Vanka by Anton Chekhov: Summary & Analysis

Instructor: Joseph Altnether

Joe has taught college English courses for several years, has a Bachelor's degree in Russian Studies and a Master's degree in English literature.

Anton Chekhov tells a young boy's story in the tale ~'Vanka.~' The narrative explores the difficulties of life as an apprentice, particularly for an orphaned boy. Chekhov also examines the differences in lifestyle between Moscow and a village town.


Anton Chekhov's story about an orphaned boy seems reminiscent of some of the novels by Charles Dickens. The main character is an orphan, forced to work as an apprentice, and suffers numerous beatings and misfortune. Chekhov, however, does not provide a happy ending. Instead, he presents life as it is. Life isn't fair, and those who survive, learn how to make the best of the circumstances they have been given. Nine-year-old Ivan Zhukov still has plenty of lessons to learn.

Vanka, or more accurately transliterated as Van'ka to account for the palatalization or softening of the sound made by the letter ''n'', is not only the title for Chekhov's short story but also a diminutive form of Ivan's first name. He currently lives in Moscow with a master shoemaker, under whom he serves as an apprentice. Van'ka is also an orphan. His mother passed away not long ago. He went to live with his grandfather, but he sent Van'ka off to learn a trade.

Van'ka is unhappy with his current situation. He writes his grandfather a letter asking for him to come and take him back to their village. Chekhov constructs the short story as an epistolary, meaning told as or from a letter. As a result, the story is told exclusively from the point of view of this nine-year-old boy. Because of this, the reader must take into consideration that some of what the boy writes may be exaggerated to elicit an emotional response to his plight.


Based on the letter that Van'ka writes, life as an apprentice is miserable. He describes how he is ''thrashed with a belt... for falling asleep while rocking the baby.'' He indicates that recently the master hit him in the head so hard, he ''fell down and barely recovered.'' When he makes a mistake at any task, he gets it shoved back in his face for emphasis. The older boys, who also apprentice, tease him and make his life more difficult.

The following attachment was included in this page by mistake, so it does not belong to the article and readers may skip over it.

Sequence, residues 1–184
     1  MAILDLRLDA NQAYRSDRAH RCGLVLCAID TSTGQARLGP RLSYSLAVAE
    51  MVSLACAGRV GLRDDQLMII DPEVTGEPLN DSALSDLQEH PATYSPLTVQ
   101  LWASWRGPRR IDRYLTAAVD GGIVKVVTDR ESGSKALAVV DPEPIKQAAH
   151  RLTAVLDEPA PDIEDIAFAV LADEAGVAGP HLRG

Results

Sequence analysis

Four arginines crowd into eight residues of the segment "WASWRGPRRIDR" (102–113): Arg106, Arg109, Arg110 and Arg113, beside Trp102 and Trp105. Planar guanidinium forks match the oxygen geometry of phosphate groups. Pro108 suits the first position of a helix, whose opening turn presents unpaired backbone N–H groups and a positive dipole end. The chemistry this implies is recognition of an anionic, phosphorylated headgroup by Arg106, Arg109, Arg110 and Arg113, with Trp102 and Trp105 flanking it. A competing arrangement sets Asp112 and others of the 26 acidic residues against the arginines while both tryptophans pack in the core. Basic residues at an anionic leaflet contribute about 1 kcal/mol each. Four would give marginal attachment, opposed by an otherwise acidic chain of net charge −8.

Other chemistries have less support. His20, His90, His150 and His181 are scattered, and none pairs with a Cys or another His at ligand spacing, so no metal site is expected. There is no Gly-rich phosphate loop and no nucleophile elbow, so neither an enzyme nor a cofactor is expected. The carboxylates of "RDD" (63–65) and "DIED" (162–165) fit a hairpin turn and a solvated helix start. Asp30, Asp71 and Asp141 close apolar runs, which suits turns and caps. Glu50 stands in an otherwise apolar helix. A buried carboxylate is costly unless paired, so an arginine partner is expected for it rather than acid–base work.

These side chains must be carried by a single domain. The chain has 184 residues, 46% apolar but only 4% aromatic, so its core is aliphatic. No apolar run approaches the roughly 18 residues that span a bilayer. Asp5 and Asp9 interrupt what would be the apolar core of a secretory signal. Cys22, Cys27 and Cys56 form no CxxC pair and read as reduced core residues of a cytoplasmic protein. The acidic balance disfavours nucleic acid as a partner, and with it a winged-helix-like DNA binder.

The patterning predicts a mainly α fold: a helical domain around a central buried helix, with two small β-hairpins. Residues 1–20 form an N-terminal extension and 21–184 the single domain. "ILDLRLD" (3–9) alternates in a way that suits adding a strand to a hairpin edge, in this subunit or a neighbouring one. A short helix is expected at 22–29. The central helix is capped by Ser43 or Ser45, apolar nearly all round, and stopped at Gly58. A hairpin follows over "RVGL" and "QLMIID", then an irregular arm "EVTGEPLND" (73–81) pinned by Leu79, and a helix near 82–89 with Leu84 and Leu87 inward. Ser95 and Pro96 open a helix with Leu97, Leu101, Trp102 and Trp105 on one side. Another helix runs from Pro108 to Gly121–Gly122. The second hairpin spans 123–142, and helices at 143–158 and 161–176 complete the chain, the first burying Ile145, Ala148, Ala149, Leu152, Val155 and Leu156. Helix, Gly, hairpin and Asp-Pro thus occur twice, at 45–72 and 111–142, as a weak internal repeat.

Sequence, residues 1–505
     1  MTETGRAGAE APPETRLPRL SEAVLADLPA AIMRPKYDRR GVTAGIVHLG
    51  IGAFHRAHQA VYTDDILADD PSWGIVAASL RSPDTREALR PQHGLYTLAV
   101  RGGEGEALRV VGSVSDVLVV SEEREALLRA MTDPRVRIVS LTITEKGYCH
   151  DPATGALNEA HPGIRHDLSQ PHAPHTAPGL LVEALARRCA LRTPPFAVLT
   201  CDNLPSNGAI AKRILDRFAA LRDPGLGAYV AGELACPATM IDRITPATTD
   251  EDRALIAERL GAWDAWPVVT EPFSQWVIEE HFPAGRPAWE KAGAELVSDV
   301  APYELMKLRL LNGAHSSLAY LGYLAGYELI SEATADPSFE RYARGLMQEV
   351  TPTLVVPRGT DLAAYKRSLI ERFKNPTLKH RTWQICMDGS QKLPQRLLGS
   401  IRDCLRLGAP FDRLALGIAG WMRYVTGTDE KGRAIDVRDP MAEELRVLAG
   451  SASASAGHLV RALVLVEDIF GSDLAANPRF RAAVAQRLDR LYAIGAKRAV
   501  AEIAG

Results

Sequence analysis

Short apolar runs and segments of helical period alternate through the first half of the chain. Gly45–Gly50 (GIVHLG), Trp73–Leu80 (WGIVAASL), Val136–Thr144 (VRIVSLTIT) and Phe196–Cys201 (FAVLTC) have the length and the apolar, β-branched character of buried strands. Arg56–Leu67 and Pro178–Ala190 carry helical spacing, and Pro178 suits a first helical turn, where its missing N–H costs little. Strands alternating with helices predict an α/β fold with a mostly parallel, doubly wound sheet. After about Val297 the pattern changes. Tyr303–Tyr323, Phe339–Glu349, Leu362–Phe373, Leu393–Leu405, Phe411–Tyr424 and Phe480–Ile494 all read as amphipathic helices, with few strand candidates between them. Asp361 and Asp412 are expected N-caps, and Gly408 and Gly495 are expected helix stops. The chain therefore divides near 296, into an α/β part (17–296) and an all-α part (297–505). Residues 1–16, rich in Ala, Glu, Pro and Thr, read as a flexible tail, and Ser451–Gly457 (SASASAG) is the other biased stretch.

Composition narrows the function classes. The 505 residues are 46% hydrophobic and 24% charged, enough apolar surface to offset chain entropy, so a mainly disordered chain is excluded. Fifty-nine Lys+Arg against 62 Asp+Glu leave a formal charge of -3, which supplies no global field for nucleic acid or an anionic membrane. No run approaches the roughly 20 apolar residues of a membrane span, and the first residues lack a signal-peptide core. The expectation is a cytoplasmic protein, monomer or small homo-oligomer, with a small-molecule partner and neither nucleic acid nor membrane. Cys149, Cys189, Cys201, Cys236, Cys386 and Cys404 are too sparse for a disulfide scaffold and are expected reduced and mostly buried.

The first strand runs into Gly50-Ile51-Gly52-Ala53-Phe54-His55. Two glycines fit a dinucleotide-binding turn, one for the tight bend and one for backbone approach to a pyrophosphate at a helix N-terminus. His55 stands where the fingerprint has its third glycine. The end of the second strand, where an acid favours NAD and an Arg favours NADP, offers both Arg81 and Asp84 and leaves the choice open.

It isn't just physical abuse that he must suffer. He also goes without food. He tells of how he gets a piece of bread in the morning and in the evening, and a bowl of kasha, or porridge, for his midday meal. He complains of his constant hunger. The cabbage soup and tea are consumed by the others, leaving him with nothing else to sate his hunger. He writes that his life here is ''worse than any dog's.'' He needs his grandfather to come save him.


If life with the shoemaker Aliakhin is so intolerable, why doesn't Van'ka just leave? Surely, he could run away to someplace more amenable? The answer to this question can be found in Van'ka's letter. He mentions that he does not have any boots, and believes he would freeze without proper foot covering. This answer is somewhat ironic since Van'ka apprentices with a shoemaker. There is something more in his words than this though. Van'ka is homesick, yet also awed by what Moscow offers.

Van'ka lets his thoughts wander off to life in the village quite often while he writes his letter. He thinks about his grandfather, and the two dogs, Chestnut and Eel, who follow him. He misses the activities, especially cutting down of the Christmas tree and decorating with Olga. He is especially fond of Olga, perhaps because she taught him to read and write. These fond memories, however, fall short of the awe he feels when he walks the streets of Moscow.

Van'ka explains that Moscow ''is a big city.'' He describes how all the houses seem large, like mansions. There are numerous items in the windows of the stores, including hooks for fishing, guns, and killed game. Moscow is missing some of the more mundane activities, like singing in the choir, but it is evident that the plentiful choices have captivated Van'ka's imagination. He wants to go back to the village with his grandfather, but will he be the same after seeing what Moscow has to offer?

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